Is Uncle Roger banned in China? Fried rice comedian and YouTube star's Taiwan joke explained - who is Nigel Ng

The social media accounts of the self-proclaimed 'king of egg friend rice' have been banned in China due to a 'violation of relevant laws and regulations'

Comedian Nigel Ng, known for playing the comedic character of 'Uncle Roger' (Photo: Nigel Ng)Comedian Nigel Ng, known for playing the comedic character of 'Uncle Roger' (Photo: Nigel Ng)
Comedian Nigel Ng, known for playing the comedic character of 'Uncle Roger' (Photo: Nigel Ng)

The social media accounts of British-Malaysian comedian Uncle Roger have been suspended in China due to authorities' crackdown on comedians who mock the authoritarian regime.

The comedian, real name Nigel Ng, said over the weekend that his accounts on Weibo and Bilibili, where he has 400,000 followers, had been suspended because of a "violation of relevant laws and regulations."

Ng is just the most recent well-known performer who appears to have been singled out by Chinese authorities in a campaign against comedians. Those in the nation are subject to harsh punishment, though Ng himself is not in China.

As of yet, he has not made any specific comments regarding the account suspension, though both he and his followers have claimed it may have come about because of a video he had shared on western social media a few days previously.

Who is Uncle Roger?

Uncle Roger is a comedic character created by British-Malaysian comedian Nigel Ng, who gained international recognition through a viral video that was posted on YouTube in July 2020, in which he humorously reacted to a BBC Food video featuring chef Hersha Patel cooking egg fried rice.

Uncle Roger's exaggerated and comedic commentary, particularly his criticism of Patel's cooking techniques, resonated with viewers and quickly gained popularity, and following the success of the initial video, Uncle Roger became a recurring character in Ng's sketches.

His comedic style primarily revolves around reacting to cooking videos, critiquing cooking techniques and sharing his humorous commentary on various aspects of food preparation and culinary culture. In his videos, Uncle Roger often emphasises the importance of cooking rice properly and following traditional Asian cooking techniques.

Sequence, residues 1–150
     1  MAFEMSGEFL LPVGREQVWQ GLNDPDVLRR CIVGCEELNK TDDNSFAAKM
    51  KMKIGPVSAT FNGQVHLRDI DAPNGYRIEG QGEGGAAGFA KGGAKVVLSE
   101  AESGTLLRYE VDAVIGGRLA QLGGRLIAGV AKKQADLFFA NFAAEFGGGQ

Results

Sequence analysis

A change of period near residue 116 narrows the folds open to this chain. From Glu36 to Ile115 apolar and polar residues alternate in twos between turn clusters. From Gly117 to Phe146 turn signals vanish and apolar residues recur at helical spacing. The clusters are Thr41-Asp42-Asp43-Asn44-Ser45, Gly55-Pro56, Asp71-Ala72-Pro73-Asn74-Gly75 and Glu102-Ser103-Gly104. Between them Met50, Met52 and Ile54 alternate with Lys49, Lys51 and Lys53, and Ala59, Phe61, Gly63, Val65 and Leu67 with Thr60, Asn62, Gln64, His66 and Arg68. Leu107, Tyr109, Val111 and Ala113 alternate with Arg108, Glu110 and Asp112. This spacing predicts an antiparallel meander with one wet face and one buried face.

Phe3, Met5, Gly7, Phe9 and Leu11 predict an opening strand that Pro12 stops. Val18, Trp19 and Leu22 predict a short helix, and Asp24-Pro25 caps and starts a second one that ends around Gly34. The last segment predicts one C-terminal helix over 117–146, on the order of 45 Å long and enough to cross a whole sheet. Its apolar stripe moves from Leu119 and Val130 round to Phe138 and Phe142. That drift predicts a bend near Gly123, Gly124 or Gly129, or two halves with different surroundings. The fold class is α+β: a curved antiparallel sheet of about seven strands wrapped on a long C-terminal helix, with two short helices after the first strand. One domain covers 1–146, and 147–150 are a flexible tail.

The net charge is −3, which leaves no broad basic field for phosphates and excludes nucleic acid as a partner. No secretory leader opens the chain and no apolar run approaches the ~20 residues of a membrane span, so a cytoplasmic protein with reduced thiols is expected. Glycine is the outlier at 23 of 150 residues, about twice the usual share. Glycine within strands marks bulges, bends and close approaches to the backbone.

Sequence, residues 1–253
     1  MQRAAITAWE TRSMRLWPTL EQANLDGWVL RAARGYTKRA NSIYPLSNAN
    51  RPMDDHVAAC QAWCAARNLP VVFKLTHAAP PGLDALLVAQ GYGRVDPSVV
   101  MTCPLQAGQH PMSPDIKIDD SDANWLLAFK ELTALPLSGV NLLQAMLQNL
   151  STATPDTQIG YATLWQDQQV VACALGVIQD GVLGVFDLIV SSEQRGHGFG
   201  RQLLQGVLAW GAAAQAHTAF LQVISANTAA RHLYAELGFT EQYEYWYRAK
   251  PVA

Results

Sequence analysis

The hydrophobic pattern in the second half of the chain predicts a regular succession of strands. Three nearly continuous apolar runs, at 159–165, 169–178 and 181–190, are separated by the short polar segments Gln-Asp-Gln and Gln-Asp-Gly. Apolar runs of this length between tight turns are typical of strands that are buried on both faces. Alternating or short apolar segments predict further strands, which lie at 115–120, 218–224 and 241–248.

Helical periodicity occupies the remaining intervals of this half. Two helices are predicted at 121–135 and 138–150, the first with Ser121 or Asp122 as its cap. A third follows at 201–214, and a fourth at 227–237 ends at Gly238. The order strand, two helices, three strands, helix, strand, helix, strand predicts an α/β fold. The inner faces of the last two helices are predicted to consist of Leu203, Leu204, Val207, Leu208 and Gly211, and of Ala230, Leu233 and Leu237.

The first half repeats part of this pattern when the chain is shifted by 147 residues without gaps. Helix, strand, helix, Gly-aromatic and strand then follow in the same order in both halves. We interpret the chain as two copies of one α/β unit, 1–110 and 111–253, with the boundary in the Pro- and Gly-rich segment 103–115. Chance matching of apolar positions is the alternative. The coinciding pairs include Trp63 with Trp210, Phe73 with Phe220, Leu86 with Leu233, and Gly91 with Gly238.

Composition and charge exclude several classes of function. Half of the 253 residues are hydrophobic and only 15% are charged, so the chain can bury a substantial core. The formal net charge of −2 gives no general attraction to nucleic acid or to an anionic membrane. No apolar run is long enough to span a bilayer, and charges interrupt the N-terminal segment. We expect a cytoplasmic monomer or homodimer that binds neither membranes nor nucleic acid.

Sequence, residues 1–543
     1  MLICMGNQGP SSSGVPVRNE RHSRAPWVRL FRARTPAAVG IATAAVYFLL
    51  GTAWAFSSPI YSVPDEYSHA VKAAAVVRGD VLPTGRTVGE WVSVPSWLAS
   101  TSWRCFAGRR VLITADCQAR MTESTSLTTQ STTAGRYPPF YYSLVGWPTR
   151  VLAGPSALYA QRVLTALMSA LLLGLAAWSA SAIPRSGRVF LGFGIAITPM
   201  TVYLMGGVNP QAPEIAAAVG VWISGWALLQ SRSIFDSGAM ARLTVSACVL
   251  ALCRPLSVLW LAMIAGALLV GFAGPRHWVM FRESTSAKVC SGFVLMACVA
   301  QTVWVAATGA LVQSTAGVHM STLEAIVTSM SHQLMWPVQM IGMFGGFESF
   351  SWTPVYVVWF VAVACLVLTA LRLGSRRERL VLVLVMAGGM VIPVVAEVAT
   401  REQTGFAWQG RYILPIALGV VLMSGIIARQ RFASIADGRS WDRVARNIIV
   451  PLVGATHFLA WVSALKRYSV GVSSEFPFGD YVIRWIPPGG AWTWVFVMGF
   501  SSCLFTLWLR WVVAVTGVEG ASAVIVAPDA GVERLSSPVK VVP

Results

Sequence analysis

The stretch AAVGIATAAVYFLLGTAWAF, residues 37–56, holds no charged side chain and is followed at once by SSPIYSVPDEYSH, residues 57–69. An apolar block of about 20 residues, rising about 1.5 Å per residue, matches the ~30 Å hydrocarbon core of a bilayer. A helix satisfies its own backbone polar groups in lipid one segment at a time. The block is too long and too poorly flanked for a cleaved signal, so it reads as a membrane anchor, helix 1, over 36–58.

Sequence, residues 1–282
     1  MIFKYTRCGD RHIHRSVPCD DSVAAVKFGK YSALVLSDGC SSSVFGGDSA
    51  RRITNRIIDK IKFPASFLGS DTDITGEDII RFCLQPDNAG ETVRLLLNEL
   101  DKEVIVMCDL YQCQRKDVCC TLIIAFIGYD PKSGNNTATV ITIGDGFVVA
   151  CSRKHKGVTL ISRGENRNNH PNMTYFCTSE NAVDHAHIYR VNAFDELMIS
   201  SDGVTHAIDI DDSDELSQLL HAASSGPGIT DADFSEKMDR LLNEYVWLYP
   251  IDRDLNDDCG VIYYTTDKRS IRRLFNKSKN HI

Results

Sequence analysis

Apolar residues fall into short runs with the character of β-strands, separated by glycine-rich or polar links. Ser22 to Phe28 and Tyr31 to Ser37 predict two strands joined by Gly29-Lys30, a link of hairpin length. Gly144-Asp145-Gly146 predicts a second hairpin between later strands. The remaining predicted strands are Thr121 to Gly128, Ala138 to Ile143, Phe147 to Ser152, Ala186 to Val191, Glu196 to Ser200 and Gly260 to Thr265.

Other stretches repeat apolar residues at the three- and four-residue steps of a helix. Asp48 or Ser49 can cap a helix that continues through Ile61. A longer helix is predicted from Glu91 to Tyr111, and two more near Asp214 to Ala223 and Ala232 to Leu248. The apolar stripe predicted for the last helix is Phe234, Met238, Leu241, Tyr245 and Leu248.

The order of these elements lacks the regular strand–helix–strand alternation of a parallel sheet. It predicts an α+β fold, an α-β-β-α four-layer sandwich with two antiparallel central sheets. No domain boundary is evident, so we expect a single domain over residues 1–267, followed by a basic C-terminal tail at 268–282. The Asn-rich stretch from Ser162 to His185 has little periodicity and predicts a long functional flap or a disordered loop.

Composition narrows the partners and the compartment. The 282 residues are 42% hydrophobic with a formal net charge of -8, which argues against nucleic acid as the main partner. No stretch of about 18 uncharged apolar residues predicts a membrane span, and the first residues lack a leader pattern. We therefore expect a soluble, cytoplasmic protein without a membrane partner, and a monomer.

He playfully mocks common mistakes made in cooking - Uncle Roger's distinctive catchphrases, such as "Aiya!" and "Haiyaa!", have become widely recognised - particularly when it comes to Asian dishes, such as the improper use of a rice cooker, using the wrong kind of rice or washing rice incorrectly.

Apart from his reactions and critiques, Uncle Roger sometimes collaborates with other food creators, chefs, or celebrities to create entertaining and informative videos.

He might participate in cooking challenges, recipe exchanges or comedic skits centred around food, and Ng's portrayal of the character has garnered a large and dedicated following on social media platforms.

Why has he been banned from Chinese social media?

Ng has not yet commented specifically on the account suspension, but both he and his followers have suggested it might be related to a video he shared on western social media a few days earlier, in which he pokes fun at Chinese surveillance and Beijing’s claims of sovereignty over Taiwan.

The video - a promo for an upcoming show was uploaded to his Twitter account with the description "Uncle Roger about to get cancelled." A few days later, he reposted the clip to YouTube. More than 8 million people have seen the two videos.

In the video clip, an excerpt from an undated stand-up performance, Ng (as Uncle Roger) asks an audience member about his origins. The man responds, telling Ng that he is from "Guangzhou, China". Ng grimaces and sheepishly replies, "Good country! "Good country!"

“We have to say that now, correct? All the phones listening … this nephew got Huawei phone, they all listening,” he adds. Ng then carefully taps his phone in his pocket and says "long live President Xi, long live President Xi … phew.” Then he scans the audience for visitors from Taiwan. “Not a real country" he says as the audience laughs, "I hope one day you rejoin the motherland."

Ng reposted the video to Twitter early on Monday (22 May), writing:“for some reason this clip got a ton of views this past weekend. I wonder why." He included a link to order tickets to his upcoming shows.

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